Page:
automotive qms update iatf 16949:2016 march 2017 vda qmc gm vw . iso/ts 16949 to iatf 16949 new...
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Automotive QMS Update
Background on the Revision Project
Revision work began in December 2014 and was completed in August 2016
The team completed a 5-Phase approach to develop IATF 16949 Pre-plan; Analyze; Build; Validate; and Deploy
Revision Work Team consisted of 17 global partners from 14 organizations (IATF OEMs, National Associations, Oversight Offices)
ANFIA IATF France
BMW Jaguar Land Rover
FCA US LLC (formerly Chrysler) PSA Group
FCA Italy S.p.A. (formerly Fiat) SMMT
Ford VDA QMC
ISO/TS 16949 to IATF 16949
New automotive standard: IATF 16949:2016
IATF 16949:2016 follows the high level structure of ISO 9001:2015
IATF 16949:2016 must be used in conjunction with ISO 9001:2015 Two (2) separate documents must be used to have all requirements
IATF 16949 cannot be used as a stand-alone requirements document
282 shalls / 16 shoulds in IATF 16949 (292 shalls / 16 shoulds in ISO/TS 16949)
Unprecedented stakeholder input
IATF launched a survey (via the National Associations) early June 2015 soliciting feedback from over 2,000 key stakeholders: OEMs
Suppliers (all Tiers)
Subject Matter Experts
Over 1,700 comments were received for consideration of updates to ISO/TS 16949.
Additionally, the IATF conducted a face to face review of the draft IATF 16949 standard in Rome, Italy in April 2016 with CBs and supplier representatives.
Changes to Drive Value & Credibility
IATF members focused on the linkage between ISO/TS 16949 Certification and Supplier/Client quality performance
Increased focus on operational performance and customer feedback (customer scorecards/metrics)
IATF 16949 contains many former OEM Customer Specific Requirements (CSRs)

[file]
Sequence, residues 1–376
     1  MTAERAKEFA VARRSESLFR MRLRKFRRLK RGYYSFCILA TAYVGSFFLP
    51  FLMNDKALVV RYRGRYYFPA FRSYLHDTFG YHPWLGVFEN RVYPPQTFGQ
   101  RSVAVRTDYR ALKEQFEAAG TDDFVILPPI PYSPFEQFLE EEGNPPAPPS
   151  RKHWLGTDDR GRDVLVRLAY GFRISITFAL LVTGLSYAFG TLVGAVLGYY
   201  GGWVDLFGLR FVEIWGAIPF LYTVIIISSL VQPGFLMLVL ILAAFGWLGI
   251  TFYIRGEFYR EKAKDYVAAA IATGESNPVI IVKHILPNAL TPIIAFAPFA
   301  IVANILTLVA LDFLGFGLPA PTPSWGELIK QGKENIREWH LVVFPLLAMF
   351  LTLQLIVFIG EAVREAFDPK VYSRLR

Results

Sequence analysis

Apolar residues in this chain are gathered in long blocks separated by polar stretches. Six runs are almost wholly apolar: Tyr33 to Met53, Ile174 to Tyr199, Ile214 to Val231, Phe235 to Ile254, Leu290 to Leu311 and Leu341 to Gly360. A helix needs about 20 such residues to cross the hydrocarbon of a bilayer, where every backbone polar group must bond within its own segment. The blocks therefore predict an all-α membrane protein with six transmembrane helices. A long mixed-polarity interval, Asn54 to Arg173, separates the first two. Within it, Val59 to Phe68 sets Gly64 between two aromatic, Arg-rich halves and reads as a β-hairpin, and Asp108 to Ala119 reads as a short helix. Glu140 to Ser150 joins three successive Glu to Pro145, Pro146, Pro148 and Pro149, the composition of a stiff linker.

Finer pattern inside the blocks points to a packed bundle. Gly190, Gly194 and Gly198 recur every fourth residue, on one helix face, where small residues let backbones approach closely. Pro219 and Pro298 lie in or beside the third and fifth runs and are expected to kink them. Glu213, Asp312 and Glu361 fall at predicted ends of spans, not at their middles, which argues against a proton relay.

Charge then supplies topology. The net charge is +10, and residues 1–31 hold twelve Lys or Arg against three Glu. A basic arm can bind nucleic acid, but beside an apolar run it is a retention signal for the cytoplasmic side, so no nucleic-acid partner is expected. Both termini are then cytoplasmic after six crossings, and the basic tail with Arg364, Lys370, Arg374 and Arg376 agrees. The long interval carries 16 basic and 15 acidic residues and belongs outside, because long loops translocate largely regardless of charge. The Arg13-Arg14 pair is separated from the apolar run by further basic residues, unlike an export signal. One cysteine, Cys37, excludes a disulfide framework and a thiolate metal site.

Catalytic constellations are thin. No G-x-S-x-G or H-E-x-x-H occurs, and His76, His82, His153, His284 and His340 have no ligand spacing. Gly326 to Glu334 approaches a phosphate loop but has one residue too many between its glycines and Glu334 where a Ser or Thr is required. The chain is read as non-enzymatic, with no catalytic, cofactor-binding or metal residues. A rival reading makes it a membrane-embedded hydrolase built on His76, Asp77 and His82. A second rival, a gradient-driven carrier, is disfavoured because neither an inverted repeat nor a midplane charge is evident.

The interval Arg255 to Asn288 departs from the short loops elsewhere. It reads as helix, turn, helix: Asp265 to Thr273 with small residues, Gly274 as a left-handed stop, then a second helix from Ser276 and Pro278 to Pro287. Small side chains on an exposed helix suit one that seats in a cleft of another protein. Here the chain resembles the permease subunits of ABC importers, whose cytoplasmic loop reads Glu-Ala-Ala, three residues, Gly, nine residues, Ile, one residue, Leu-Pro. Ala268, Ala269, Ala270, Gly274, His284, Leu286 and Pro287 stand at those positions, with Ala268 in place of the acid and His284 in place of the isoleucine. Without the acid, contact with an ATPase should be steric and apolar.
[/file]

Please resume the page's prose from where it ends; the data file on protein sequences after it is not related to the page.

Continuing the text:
Most of the changes occurred in areas where IATF OEMs observed weakness trends and systematic issues
It was important to keep the industry informed about the project, so regular updates were posted to the IATF Global Oversight website.
Legend of changes
The IATF 16949
Revision project team
evaluated the changes
and rated them as: New
For todays event, we
will be reviewing the
New and Modified
Section 4.3.1: Determining the scope of the quality management system supplemental
These requirements were originally included in ISO/TS 16949:2009 Sections 1.1 and 1.2. They have been moved to Section 4 within IATF 16949.
The requirement relating to supporting functions was revised to ensure that supporting functions not only address the need to include support functions in the audit, but also to ensure that they are included in the scope of the QMS.
In addition, any exclusion sought for design and development activities, now in Section 8.3, has to be preserved as documented information.
Section 4.3.2: Customer-specific requirements
Although the need to fulfill and satisfy customer-specific requirements was already mentioned throughout the whole ISO/TS 16949 document, in IATF 16949 this requirement specifically addresses the need to evaluate the customer specific requirements and include them where applicable in the organization's quality management system.
This means that the supplier would need some sort of process to evaluate each of their customers customer-specific requirements and determine exactly how (and where) it applies to their organization's QMS, as applicable.
Section 220.127.116.11: Conformance of products and processes
This requirement was adopted based on IATF survey feedback received
It ensures two things: that the supplier (organization) is responsible for the conformity of
outsourced processes, and
that all products and processes meet all applicable requirements and expectations of all interested parties
To ensure conformance of all products and processes, the organization would need to take a proactive approach to assess and address risks, and not rely only on inspection
Section 18.104.22.168: Product safety
New section with enhanced requirements that address current and emerging issues the automotive industry is facing related to product and process safety.
Organizations (suppliers) are required to have documented processes to manage product-safety related products and processes.
Section 22.214.171.124: Product safety